Oregon Public Broadcasting reporter April Ehrlich (aka April Fonseca) recently filed suit against the City of Medford, claiming that police violated her rights by arresting her as she attempted to provide journalistic coverage for Jefferson Public Radio.
The case raises questions about the presence of journalists during police events and the role of free speech versus security.
What Happened in the Unlawful Arrest Case
In September 2022, Ehrlich attended a Medford Police sweep of a homeless encampment in Hawthorne Park. Police instructed journalists to stay in a pre-designated media staging site.
The media site, however, was near the I-5 overpass. Passing traffic made it difficult to hear what was taking place between police and homeless individuals at the park. In addition, trees and structures obscured the view between the media site and the homeless encampment, preventing journalists from seeing well.
Ehrlich responded to these obstacles by moving closer to the site of the sweep. Body cam footage shows Ehrlich telling police she’s a reporter. In the footage, police then tell Ehrlich she is trespassing and needs to leave.
When Ehrlich did not leave, she was placed under arrest. In the body cam footage, Ehrlich can be heard protesting that she is a reporter “doing my job.”
The City of Medford charged Ehrlich with trespassing, resisting arrest, and interfering with an officer. All three charges were eventually dismissed.
A few days after the last charges were dismissed, Ehrlich and her attorneys Greg Kafoury and Mark McDougal filed suit in a federal district court against the City of Medford, Jackson County, and the police officers involved in her arrest.
The lawsuit alleges that the City of Medford and the other defendants violated Ehrlich’s Constitutional rights “by creating and implementing a policy that prevented her from observing and reporting on the events in Hawthorne Park,” although such reporting is protected by the First and Fourteenth Amendments. The lawsuit alleges other violations of Ehrlich’s rights as well.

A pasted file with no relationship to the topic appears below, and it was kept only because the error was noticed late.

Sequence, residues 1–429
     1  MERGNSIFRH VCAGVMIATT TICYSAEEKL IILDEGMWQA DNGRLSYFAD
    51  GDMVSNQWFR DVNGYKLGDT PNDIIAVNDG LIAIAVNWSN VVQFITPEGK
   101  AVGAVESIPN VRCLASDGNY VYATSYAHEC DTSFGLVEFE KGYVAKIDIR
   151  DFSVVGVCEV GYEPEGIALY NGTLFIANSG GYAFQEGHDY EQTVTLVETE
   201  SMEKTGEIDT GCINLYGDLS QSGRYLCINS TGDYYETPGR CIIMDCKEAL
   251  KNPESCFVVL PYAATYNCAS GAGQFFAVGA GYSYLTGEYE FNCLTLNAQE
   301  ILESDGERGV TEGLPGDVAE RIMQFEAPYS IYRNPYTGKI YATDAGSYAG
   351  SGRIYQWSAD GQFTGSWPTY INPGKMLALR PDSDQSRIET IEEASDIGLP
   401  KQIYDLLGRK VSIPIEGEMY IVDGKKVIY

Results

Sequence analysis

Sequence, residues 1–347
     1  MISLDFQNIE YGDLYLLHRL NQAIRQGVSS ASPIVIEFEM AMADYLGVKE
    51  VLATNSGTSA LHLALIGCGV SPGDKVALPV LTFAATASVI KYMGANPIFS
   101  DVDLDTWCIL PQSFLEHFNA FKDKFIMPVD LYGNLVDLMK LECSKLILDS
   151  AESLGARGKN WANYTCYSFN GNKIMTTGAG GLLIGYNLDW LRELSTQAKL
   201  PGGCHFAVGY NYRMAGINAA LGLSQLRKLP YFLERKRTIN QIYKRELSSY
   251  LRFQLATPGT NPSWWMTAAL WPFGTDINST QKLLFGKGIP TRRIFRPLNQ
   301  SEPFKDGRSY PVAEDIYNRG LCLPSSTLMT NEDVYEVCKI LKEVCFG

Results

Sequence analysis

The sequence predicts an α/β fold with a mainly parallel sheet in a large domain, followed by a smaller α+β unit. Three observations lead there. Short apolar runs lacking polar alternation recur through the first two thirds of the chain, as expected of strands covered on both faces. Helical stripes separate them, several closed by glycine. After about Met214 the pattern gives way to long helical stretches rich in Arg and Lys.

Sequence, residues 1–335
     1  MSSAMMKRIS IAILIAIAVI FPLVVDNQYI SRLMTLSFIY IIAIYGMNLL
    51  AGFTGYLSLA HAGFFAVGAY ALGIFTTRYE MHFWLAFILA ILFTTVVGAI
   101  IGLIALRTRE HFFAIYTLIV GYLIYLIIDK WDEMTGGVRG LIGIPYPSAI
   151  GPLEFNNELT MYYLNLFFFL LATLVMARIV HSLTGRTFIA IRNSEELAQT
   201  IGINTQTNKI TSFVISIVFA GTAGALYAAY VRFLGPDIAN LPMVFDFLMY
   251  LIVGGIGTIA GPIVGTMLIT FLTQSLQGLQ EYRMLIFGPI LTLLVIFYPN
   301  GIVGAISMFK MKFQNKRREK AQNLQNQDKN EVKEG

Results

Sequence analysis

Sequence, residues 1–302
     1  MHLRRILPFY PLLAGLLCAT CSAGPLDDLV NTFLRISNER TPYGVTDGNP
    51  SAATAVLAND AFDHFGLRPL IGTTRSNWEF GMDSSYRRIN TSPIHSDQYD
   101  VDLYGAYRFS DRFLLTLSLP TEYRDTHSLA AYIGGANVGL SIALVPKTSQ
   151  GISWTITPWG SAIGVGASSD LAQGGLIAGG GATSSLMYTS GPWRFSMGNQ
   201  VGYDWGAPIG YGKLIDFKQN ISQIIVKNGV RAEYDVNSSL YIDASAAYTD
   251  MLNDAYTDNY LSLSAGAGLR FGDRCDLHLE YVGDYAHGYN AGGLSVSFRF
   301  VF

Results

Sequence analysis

Ehrlich seeks compensation for physical and emotional damages resulting from her arrest. She also wishes to shine a light on the urgent need for journalist access and the value of a free press.
“I want to ensure no journalist in Oregon or elsewhere has to experience such a stressful and traumatizing experience as the one I had to endure,” Ehrlich said.
Free Press Considerations
Several free press organizations, including Journalists Without Borders and the U.S. Press Freedom Tracker, have already focused on Ehrlich’s case. The U.S. Press Freedom Tracker included Ehrlich’s arrest in its compilation of arrests, detainments, and violence against journalists in 2020.
Arrests and prosecutions of journalists have increased in recent years, according to U.S. Press Freedom Tracker data. Free press advocates say this pattern indicates a trend to impair the exercise of free press rights by discouraging journalists from covering police actions that may prove unpopular, such as the removal of the homeless camp in Hawthorne Park.
The media staging area provided at Hawthorne Park “did not permit journalists to observe and document government activity” in the park, according to the complaint. Journalists in the media staging area could talk about the sweep of the homeless encampment in general terms. However, they could not document details about the events as they occurred. Because journalists could not observe or document the specifics, they also could not provide information about the specifics.
The City of Medford argues that police actions in Hawthorne Park complied with the law. The city also noted that other journalists remained outside the closed area while providing coverage.
Organizations like the Society of Professional Journalists provide guidance for journalists seeking to cover police actions.
Ehrlich’s attorney, Jason Kafoury, estimates the case will take at least a year to complete, with an extensive discovery phase. The jury will likely be responsible both for assessing liability and for calculating the damages owed if any.
This case raises questions not only about the steps journalists are allowed to take during police actions but the substantive nature of those steps. During the Hawthorne Park sweep, the police did create a special zone for members of the media. That zone, however, was distanced from the actual police activity taking place in the 20-acre park.
Questions about free press rights will likely explore whether journalists are entitled to meaningful, substantive access under the First Amendment—and if so, whether the Hawthorne Park media area provided that access.